In some cynical Western New York circles, when the announced crowd seems to be a bit higher than the actual attendance figure, someone is bound to ask, “Did Mike Billoni do the counting?”
It’s probably not what talk show host Larry King was talking over with Bisons Skipper Rocky Bridges in the dugout, but Billoni’s magic played no small part in the meeting in the first place.
It was Bisons executive Billoni’s marketing and public relations prowess which helped whip Western New York into a baseball frenzy in the late ’80s. Triple-A level ball was back for the first time in 25 years, seats at the brand new Pilot Field were the hottest ticket in town, and the you-could-almost-taste-it hope of Major League Baseball coming to the new ballpark were amplified by the former Courier-Express reporter’s panache for promotion.
Ten-thousand tickets sold within an hour-and-a-half of the first Pilot Field passes going on sale. The nationally televised old timers’ game and the Triple-A All Star game, both seen on ESPN that year, were also sellouts. With 22 sellouts for The Herd in the 1988 season, Buffalo shattered the all-time minor league baseball attendance record with just shy of 1.2 million through the turnstiles in Pilot Field’s first season.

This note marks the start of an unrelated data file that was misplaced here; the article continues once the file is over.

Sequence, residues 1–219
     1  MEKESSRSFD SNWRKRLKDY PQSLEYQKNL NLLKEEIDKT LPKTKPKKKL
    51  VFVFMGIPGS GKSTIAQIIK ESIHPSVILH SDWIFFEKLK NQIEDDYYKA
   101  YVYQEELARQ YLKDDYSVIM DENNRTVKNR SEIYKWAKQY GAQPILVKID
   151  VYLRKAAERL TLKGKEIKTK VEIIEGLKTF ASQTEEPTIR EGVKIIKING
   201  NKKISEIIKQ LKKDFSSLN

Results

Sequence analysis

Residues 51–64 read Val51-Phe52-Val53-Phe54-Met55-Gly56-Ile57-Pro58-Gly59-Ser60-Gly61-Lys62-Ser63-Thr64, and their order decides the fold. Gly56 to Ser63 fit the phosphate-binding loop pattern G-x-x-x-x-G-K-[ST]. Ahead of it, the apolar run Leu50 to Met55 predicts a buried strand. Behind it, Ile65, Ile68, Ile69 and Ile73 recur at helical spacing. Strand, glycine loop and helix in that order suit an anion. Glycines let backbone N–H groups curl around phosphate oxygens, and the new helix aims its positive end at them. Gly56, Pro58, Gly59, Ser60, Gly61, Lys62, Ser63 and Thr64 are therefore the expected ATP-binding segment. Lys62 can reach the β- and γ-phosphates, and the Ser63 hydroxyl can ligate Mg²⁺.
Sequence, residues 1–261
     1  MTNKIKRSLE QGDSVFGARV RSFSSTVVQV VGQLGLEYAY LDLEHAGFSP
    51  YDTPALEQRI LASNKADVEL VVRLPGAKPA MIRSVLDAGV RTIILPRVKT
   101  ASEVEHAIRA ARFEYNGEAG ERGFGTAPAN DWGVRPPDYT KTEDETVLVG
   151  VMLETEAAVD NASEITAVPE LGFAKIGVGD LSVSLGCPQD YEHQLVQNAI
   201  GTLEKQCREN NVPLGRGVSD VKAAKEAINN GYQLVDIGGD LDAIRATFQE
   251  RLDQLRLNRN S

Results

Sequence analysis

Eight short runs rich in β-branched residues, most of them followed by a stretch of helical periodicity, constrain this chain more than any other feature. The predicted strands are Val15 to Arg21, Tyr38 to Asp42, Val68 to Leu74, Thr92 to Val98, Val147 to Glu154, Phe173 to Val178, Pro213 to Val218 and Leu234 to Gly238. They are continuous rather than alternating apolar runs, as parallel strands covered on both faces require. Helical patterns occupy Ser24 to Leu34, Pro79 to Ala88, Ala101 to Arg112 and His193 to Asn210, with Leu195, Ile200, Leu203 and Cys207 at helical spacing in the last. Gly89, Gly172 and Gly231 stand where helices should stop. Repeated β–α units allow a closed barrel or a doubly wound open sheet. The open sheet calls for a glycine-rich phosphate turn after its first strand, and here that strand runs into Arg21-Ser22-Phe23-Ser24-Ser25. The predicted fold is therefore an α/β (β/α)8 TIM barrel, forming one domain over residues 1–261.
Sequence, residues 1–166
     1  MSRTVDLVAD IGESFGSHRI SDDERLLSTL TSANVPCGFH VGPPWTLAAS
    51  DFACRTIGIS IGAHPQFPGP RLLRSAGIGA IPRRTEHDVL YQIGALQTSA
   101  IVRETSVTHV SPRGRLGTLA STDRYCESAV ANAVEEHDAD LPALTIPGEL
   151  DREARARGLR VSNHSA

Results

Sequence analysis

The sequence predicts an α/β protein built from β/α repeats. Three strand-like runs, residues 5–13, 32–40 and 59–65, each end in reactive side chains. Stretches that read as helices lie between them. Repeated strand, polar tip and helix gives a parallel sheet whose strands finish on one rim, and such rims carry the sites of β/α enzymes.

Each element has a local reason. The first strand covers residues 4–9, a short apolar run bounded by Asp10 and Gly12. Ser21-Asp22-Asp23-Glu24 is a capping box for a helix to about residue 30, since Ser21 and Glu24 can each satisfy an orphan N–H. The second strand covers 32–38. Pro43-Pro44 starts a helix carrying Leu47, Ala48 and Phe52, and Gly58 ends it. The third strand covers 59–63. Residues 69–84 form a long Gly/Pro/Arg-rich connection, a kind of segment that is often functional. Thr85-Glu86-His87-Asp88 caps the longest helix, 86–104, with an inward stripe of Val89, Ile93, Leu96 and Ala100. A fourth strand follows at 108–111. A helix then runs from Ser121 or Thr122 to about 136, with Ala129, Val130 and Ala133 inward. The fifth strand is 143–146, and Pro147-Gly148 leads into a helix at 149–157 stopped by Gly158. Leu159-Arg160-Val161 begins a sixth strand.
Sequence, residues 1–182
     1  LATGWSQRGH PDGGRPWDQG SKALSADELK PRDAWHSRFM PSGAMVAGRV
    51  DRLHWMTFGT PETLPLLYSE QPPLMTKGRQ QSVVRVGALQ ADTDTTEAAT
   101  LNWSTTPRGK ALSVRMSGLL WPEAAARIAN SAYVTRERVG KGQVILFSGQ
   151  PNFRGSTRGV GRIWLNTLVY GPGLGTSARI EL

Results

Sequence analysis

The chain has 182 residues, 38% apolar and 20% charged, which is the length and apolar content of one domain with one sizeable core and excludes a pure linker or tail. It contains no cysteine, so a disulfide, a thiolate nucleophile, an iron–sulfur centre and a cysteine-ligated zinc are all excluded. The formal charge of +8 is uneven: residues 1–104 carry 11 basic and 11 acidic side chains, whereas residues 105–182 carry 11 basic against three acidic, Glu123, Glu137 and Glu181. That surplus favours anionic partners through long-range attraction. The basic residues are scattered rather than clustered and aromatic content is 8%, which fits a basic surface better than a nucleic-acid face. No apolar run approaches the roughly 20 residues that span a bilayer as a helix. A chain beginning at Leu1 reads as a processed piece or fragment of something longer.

So, when Larry King — whose national radio show had been heard overnights on WBEN in Buffalo for a decade and was becoming more famous for the CNN talk show he’d been hosting since 1985 — came to Buffalo to throw out the opening pitch, it wasn’t good enough that it just be a random Friday night at the ballpark.
Billoni was pitching King’s appearance as the “formal dedication” of Pilot Field on May 19, 1988. That’s not to be confused with the first game, which was played a month earlier, when Governor Mario Cuomo, Mayor Jim Griffin, and the whole cadre of politicians wanting to claim some credit for the erection of the ballpark showed up to be a part of the ribbon cutting.
There’s no doubt that was alright with Billoni — who three decades later, remains one of Buffalo’s great molders and shapers of public opinion.